Despite what Jon Stewart said, this year the Emmys were not so predictable. Or sure, there were a few expected trips to the podium; Modern Family swept again, The Daily Show won for the tenth year in a row and The Amazing Race took home its ninth award, but the upsets far outnumbered the standbys.
The biggest, and the one that causes me the much pain, was Mad Men getting completely shut out. Going into Sunday it led with 17 nominations and by the end of ceremony that’s still all they had. I’m all for the Emmys recognizing new shows, but you know, not when it effects the shows I feel so strongly about. Because, not only was Mad Men ignored, so was Breaking Bad. (Besides Aaron Paul’s win for supporting actor which made me oh, so happy. Also, I’m sure Giancarlo Esposito is a wonderful person, but every time he smiles it looks like he’s up to something and it makes me very nervous. The smooch he gave Aaron was uber adorable, but still. Nervous.) Nope, instead it was newbie Showtime drama Homeland that swept through the drama categories taking home the top prize in writing, acting and overall series. I’ve never seen Homeland (though it’s at the top of my list as of this morning), but I happen to live with someone who has and he was even more upset about the sweep, so I stand by my indignation.
The surprises that made me most happy came at the expense of those shows trying to beat the system. Both Downton Abby and American Horror Story switched up their categories in the hopes of improving their odds. Last year Downton Abby dominated the miniseries categories, but this year being included in as a drama series left them empty handed. Similarly, American Horror Story chose to run as a miniseries because Ryan Murphy is a douchebag (Sorry kid, 12 episodes does not a miniseries make). But luckily the Emmy voters saw right through that little move and left the heavily nominated SERIES with nothing. Besides Jessica Lange, but she would have won in the drama category too because she is just that freaking good.
The comedy category saw the least amount of surprises. Modern Family continued to win everything it was nominated for, Emmy voters continued to ignore Amy Poehler’s talent and in turn she continued to be the classiest consistent loser ever. The only real upset came in the lead actor category where, after eight years of being simultaneously the most popular comedy on television and universally ignored by awards shows, Two and a Half Men finally received some recognition. Jon Cryer seemed just as shocked as everyone else, which of course was too endearing. I really can’t be too upset about it; Cryer has been consistently strong on the long running series and deserves a few accolades for holding the show together for as long as he has. In my predictions post I commented that Louis C.K. deserved the win for his fresh take on comedy, but instead he took home two writing awards, which is much more prestigious anyway (in my totally unbiased opinion).
As far as the reality portion goes, this Amazing Race domination is getting a little old, but I was thrilled that Tom Beregron won for best host. I was pulling for Cat Deely because she truly is one of the best. She keeps the live shows running smoothly and you can tell she genuniely cares about the dancers. But if it couldn’t be her, Tom is certainly equally deserving. As the host of another live show he keeps everything on point and also has the wit to come up with one liners on the spot.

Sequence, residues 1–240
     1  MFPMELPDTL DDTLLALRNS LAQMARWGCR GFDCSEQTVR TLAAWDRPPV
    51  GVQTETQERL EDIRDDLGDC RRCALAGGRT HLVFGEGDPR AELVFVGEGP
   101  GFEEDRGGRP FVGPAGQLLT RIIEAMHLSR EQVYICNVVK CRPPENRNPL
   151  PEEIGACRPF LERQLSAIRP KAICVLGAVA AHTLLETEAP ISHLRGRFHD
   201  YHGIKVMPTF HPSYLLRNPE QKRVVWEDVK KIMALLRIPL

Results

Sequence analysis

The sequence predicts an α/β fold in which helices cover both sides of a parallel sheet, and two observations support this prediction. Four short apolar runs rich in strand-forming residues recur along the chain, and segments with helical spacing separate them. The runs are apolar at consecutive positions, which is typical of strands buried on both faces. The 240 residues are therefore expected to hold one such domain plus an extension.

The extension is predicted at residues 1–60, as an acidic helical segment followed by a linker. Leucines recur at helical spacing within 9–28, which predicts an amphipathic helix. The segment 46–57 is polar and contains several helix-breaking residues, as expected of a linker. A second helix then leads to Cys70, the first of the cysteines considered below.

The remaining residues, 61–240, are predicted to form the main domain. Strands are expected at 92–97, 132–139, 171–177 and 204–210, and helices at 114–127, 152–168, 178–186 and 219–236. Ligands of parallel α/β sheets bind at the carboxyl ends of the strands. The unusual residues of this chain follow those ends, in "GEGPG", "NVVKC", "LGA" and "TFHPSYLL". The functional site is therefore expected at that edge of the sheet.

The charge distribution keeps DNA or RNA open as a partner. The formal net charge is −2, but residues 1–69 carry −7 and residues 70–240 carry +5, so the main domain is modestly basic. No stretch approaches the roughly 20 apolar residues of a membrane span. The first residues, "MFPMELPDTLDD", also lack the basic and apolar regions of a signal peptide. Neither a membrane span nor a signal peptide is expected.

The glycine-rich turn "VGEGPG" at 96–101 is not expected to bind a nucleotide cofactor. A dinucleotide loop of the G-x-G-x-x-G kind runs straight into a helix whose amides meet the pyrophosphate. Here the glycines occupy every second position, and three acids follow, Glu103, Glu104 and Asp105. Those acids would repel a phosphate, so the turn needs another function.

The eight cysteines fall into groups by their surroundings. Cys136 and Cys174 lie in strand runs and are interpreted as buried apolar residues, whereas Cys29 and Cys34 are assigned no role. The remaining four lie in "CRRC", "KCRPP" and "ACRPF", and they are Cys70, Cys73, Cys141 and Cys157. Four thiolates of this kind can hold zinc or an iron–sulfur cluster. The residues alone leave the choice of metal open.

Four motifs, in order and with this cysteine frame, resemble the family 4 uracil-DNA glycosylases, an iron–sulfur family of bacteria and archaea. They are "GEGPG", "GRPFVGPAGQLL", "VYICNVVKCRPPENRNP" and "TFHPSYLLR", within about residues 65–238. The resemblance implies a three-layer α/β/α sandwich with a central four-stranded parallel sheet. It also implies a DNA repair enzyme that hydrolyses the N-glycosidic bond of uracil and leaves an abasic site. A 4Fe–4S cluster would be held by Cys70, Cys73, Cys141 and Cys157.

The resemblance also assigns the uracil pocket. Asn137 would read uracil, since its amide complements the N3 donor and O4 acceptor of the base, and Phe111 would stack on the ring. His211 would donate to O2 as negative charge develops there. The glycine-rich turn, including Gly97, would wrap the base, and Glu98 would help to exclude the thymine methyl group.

As for the show itself, it was a highly entertaining three hours, which is quite a feat for most award shows. They continued with the format from last year of breaking down the categories and showing one long clip package of the nominated (and un-nominated, but still stellar) shows. I do wish that we still got some clips with the nominees, but I know that’s not realistic with the time constraints. I also felt like they got through the comedy and drama categories a bit too quickly for a show that’s supposed to be celebrating those forms.
Jimmy Kimmel was on fire as the host. The opening bit was perfect and his jokes walked that line of being funny to the home audience without offending too much of the live audience. The bit with the Modern Family cast complaining about the young actress who plays Lily was funny; if not highly suspect that they were the only series to get their own taped bit. But the best bits of the night came from the nominees. When they started listing the nominees for best actress in a comedy I was sad that it seemed there was no Poehler orchestrated bit to go along with it, but I supposed having your marriage fall apart doesn’t put one in the joke making mood. Luckily I was wrong and when Julia Louis Dreyfus won she began her speech thanking the Parks and Recreation cast and Archie and Abel (Poehler’s sons), what followed was a hysterical swapped speeches bit that was carried out through the end of Julia’s real speech. Like I said, classiest consistent loser. Although I would like to know what was planned had Amy won.
The other stand out bit was in the variety show category. When The Daily Show was inevitably announced, fellow nominees Stephen Colbert and Jimmy Fallon tackled Jon Stewart to the ground in an attempt to keep him from collecting his 10th Emmy. The roughhousing went on longer than I expected, and probably longer than Stewart expected too. When he reached the podium, out of breath, he delivered the line of the night, “I’m not in good enough shape to do a bit with Jimmy Fallon”.
There we are fellow TV watchers, another TV season out to bed and now it’s onto the next one. Let premiere week begin!
– Devin Mainville